Campbell Wealth Management - November 2020

Worried About Slipping and Falling This Winter? A Trip to the Physical Therapist Might Help

When was the last time you slipped and fell on a patch of ice? If your immediate thought was “last winter,” then you’ve probably been dreading the arrival of this year’s snowy walkways and frozen parking lots. We don’t blame you! Slipping and falling can be dangerous, especially for older people. According to the National Council on Aging, emergency departments treat more than 2.8 million fall-related injuries every year, and falls are the leading cause of fatal injuries among older adults. Those are some pretty scary statistics, no matter your age. So, what can you do to protect yourself? Well, apart from wearing nonslip shoes and watching where you walk, one of the best ways to keep yourself safe from falls is by improving your balance, and a physical therapist can help. Usually when physical therapy makes the news, it’s because a therapist helped a famous athlete recover from an injury or assisted a car crash

victim in learning to walk again. These cases are inspiring, but they leave out half of the story about what PT can do. Not only can physical therapists help people recover from injuries, but they can also prevent them by guiding patients through exercises to improve their balance, strength, and flexibility. Physical therapists are movement experts with a keen insight into how the muscles in your body work together. Identifying your weak spots and strengthening them with targeted exercises can help give you the coordination and agility you need to stay on your feet in slippery or icy conditions. A licensed physical therapist can customize a workout specifically for you, but you can also start improving your balance today with simple at-home exercises. is a great resource and offers guides to easy workouts like marching in place, standing on one leg, and walking heel to toe. To learn more about which exercises will help you the most, reach out to a physical therapist for some advice.


Who Knew?

E very 3–4 months, we throw out our old toothbrush and replace it with a new one. This practice keeps our teeth healthy and strong. However, even when you stop brushing with your old toothbrush, it doesn’t mean that it is no longer useful. After sanitizing an old toothbrush, try using it in these ways! Household Hacks One of the best things your toothbrush can be used for is cleaning. The long handle and bristles make it perfect for cleaning hard-to-reach places where a cleaning cloth just won’t cut it. • Keyboard: A computer keyboard can catch dust particles, pet hair, crumbs, and other debris between the keys. While using a can of compressed air might clean some of it, going

over the keys with an old toothbrush can help remove those particles for good. • Jewelry: Over time, necklaces, bracelets, earrings, and rings can become dirty, and what better tool to clean them with than a toothbrush? The bristles allow you to get into those tiny, delicate nooks. • Keurig: Don’t dread cleaning your coffee maker anymore! A toothbrush lets you reach the places a rag can’t go and scrubs away the hard stains. Beauty Hacks An old toothbrush can be used to help you achieve your perfect look. Just remember to disinfect it thoroughly first before using it on your face! • Mascara: One of the biggest issues when putting on mascara is clumping your lashes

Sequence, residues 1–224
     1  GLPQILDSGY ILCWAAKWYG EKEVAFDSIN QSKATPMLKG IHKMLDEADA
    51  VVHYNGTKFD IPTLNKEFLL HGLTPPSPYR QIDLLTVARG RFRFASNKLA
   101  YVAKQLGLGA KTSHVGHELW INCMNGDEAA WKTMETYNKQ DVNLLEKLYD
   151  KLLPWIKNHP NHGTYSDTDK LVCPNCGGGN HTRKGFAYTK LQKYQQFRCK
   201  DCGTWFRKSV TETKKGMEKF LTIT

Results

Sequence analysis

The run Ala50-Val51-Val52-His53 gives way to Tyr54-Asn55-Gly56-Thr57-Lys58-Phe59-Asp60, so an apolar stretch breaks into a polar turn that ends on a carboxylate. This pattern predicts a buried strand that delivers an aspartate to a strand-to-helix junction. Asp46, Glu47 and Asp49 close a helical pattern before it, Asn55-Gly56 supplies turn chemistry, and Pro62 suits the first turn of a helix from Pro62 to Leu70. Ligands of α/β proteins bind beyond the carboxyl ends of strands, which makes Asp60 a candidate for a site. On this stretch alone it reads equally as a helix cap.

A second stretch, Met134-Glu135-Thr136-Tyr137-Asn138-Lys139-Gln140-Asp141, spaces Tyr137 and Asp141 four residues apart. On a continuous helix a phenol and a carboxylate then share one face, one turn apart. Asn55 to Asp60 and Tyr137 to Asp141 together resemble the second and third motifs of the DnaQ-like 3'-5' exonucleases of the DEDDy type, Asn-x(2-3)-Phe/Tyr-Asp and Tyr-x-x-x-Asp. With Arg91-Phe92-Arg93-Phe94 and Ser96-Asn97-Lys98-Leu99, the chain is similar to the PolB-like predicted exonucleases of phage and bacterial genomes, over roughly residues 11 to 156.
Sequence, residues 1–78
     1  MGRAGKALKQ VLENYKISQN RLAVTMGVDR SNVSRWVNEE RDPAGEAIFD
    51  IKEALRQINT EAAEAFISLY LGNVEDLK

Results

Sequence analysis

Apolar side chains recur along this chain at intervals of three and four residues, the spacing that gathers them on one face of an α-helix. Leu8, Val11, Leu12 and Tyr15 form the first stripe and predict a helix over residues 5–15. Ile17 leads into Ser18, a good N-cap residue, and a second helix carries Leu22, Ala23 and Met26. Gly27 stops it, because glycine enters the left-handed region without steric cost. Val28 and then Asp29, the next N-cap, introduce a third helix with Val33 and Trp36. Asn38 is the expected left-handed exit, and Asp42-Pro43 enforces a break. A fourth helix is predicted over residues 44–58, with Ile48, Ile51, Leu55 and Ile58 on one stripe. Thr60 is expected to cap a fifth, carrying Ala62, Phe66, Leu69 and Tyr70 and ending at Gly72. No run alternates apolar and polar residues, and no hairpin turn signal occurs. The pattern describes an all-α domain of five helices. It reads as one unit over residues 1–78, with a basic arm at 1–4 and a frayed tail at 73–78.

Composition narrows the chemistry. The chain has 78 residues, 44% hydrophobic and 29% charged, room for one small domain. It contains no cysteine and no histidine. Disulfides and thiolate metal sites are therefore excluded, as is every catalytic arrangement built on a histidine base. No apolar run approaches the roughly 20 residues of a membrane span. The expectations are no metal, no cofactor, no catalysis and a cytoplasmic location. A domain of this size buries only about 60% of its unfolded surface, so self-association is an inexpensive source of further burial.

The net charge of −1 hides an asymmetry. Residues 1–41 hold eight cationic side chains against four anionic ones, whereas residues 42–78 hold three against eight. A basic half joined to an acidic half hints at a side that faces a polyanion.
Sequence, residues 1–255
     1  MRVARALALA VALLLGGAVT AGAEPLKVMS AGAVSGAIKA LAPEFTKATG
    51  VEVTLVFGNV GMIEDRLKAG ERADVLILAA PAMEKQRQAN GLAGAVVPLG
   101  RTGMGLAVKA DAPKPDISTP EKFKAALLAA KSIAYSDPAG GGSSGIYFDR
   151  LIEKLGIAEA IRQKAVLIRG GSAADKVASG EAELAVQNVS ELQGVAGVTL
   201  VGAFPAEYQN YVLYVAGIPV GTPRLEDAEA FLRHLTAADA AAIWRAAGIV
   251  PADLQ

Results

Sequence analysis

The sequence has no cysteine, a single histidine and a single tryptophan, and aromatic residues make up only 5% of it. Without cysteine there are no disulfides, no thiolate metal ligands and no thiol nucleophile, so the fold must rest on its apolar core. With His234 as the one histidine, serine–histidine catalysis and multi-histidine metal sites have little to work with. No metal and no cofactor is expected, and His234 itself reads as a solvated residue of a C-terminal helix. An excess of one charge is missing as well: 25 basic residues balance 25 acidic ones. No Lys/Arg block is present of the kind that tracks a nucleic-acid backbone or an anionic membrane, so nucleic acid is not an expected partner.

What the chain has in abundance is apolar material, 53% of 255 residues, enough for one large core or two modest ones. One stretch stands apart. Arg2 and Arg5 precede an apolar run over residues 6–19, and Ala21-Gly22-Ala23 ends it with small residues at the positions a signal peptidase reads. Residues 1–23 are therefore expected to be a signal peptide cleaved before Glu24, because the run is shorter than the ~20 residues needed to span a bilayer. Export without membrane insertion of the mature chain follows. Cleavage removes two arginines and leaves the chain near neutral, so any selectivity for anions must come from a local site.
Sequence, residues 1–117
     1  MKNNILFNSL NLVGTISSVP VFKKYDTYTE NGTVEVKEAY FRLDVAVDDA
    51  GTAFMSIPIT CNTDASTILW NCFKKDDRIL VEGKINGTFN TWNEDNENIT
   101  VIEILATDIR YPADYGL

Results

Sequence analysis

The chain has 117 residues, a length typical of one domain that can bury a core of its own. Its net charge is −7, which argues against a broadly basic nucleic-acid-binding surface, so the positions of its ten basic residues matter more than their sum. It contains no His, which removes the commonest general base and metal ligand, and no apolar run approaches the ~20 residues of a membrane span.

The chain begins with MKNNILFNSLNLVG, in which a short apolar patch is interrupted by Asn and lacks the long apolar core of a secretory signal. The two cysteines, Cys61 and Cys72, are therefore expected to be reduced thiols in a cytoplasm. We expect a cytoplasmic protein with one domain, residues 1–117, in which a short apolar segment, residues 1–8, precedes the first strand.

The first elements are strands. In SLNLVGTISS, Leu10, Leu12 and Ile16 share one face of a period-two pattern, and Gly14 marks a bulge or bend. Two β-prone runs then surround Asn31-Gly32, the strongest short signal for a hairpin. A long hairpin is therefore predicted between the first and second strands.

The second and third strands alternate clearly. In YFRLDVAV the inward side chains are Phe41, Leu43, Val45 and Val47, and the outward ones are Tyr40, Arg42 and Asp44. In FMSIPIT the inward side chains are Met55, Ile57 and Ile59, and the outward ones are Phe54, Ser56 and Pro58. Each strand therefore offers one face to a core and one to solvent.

together. By using a toothbrush to carefully brush out your lashes after you’ve applied mascara, you can remove any unwelcome chunks. • Eyebrows: When you’ve just woken up or finished washing your face, you might realize that half of your eyebrow is pointing in the wrong direction. Instead of using your fingers, simply pick up an old toothbrush and brush them out! No more need for an extra eyebrow comb. • Hair: When you want to give your hair a little extra texture, a toothbrush is the tool for you. Instead of having flat braids, give them some volume with a few quick brushes. You can also use a toothbrush and some hairspray to tame those pesky flyaway hairs! you sleep, and during the day. At the same time, I challenge you to drink more water. Make a goal to drink 8–10 glasses a day. I believe the better we treat our bodies, the better our bodies will treat us — and these are just two simple steps we can take for that healthier body. With that, we wish you all a happy Thanksgiving. Let us know if you have any questions or if there is anything we can do to help this holiday season.

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absorbed into the bloodstream, which results in a more effective (and less tiring) workout.

After about 10 minutes on the climber, I would end up breathing through my mouth. So, I tried keeping my mouth closed to see what would happen. My heart rate was hitting 155 beats per minute while on the climber, when I was breathing through my mouth. When I kept my mouth closed, I only achieved 138 beats per minute — and I wasn’t out of breath. These results are anecdotal, but they tell an interesting story. I researched it further and found that nose breathing allows oxygen to be more readily

I also try to breathe through my nose more when I sleep. This, of course, is much harder to do, but I have noticed that when I’m able to do this, I end up sleeping more soundly, and I wake up with more energy. I just feel better. I encourage you to give it a try. Focus more on breathing through your nose rather than your mouth. Focus on it when you exercise, when

Kelly Campbell

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